Introduction of Stress

Topics: Stress, Coping skill, Anxiety Pages: 5 (1748 words) Published: April 16, 2012

We generally use the word stress when we feel that everything seems to have become too much, we are overloaded and wonder whether we really can cope with the pressures placed upon us. Anything that poses a challenge or a threat to our well-being is a stress. Some stresses get you going and they are good for you, without any stress at all many say our lives would be boring and would probably feel pointless. However, when the stresses undermine both our mental and physical health they are bad. In this text we shall be focusing on stress that is bad for you.

Stress is your body’s response to change. It’s a very individual thing. A situation’s that one person finds stressful may not bother someone else. For example, one person may become tense when driving; another person may find driving a source of relaxation and joy. Something that causes fear in some people, such as rock climbing, may be fun for others. There’s no way to say that one thing is bad or stressful because everyone’s different. Not all stress is bad, either. Speaking to a group or watching a close football game can be stressful, but they can be fun, too. Life would be dull without some stress. The key is to manage stress properly, because unhealthy responses to it may lead to health problems in some people.

Many people experience stress as they combine busy lives and the demands of study while trying to also save time for friends and family. For some people, stress becomes almost a way of life. We all experience episodic stress, getting ready for a major exam, completing and important paper, perhaps getting ready for an important a way of life. We know that stress prolonged period of time, can have increase certain health risks, to say nothing of the way and tear that happens to relationships and general wellbeing. The simple guide use materials adapted from several college campuses with active stress reduction programs. It explores the origin of stress and provides some basic ways to assess the level of stress you may be feeling and than suggest some easy to incorporate ways to decrease the level of stress.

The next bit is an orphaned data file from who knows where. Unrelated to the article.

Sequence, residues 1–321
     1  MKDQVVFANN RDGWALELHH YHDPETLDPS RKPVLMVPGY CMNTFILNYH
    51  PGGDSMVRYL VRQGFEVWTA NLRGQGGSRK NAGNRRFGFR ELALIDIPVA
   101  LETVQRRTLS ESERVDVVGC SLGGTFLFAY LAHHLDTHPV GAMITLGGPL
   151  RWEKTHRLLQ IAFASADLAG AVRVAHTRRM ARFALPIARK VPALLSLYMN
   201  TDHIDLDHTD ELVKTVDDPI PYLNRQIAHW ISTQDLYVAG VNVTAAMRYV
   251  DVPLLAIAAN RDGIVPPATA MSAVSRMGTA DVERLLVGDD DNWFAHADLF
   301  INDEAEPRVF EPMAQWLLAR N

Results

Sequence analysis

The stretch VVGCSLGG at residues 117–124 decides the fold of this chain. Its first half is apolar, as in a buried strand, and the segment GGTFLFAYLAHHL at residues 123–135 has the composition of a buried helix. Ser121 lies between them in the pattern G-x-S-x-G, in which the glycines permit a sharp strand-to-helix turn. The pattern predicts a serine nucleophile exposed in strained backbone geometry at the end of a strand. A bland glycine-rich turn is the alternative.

Although we all talk about stress, it often isn’t clear what stress is really about. Many people consider stress to be something that happens to them, an event such as an injury or a job loss. Others think that stress is what happens to our body, mind, and behavior in response to an event (E.g. heart pounding, anxiety, or nail biting). While stress does involve events and our response to then, these are not the most important factors. Our thoughts about the situations in which we find ourselves are the critical factor. When something happens to us, we automatically evaluate the situation mentally. We decide if it is threatening to us, how we need to deal with the situation, and what skills we can use. If we decide that the demands of the situation outweigh the skills we have, then we label the situation as stressful and react with the classic stress response. If we decide that our coping skills outweigh the demands of the situation, then we don’t see it as stressful.

Stress is not something strange to our daily life nowadays. Everybody may feel stress when they are facing bad situation. Generally, word of stress has been used in social science research since a well known medical expert; Selye pioneered the research for psychological stress in 1950’s. Cox & Brockley (1984) stated that stress is a perception phenomenon which exists from a comparison between the command given and ability of a person to execute he task successfully. Unbalanced situation in this mechanism will lead into stress experience and ultimately into stress reaction. Beside that, stress is a pattern of negative (physiological, psychological) responses occurring in situations where people perceive threats to their well being which they may be unable to meet (Lazarus & Folkman, 1984). Selye (1978) define individual stress as the...
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